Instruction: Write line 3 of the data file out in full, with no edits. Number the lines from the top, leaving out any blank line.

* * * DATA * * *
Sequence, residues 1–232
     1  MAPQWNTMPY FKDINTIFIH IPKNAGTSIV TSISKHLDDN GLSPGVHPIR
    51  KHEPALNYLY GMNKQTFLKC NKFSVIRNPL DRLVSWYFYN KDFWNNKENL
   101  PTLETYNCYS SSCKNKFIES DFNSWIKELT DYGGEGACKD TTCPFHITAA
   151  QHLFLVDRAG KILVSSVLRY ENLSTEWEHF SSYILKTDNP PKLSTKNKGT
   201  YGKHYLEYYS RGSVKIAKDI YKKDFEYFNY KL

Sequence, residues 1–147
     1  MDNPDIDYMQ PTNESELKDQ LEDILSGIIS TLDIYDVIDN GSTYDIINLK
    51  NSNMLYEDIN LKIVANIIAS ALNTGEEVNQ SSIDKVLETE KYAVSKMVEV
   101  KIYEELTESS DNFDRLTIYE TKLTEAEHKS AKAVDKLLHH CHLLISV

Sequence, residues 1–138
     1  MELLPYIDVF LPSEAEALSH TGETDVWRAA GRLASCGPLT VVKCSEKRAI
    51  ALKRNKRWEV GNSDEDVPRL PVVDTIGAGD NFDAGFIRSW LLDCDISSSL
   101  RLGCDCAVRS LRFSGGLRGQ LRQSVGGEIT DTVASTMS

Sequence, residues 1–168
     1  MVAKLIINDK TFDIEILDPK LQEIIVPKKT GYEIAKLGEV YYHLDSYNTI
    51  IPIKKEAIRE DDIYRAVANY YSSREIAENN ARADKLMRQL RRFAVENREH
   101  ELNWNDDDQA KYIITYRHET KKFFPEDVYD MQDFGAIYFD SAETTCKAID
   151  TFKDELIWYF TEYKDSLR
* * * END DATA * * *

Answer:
    51  KHEPALNYLY GMNKQTFLKC NKFSVIRNPL DRLVSWYFYN KDFWNNKENL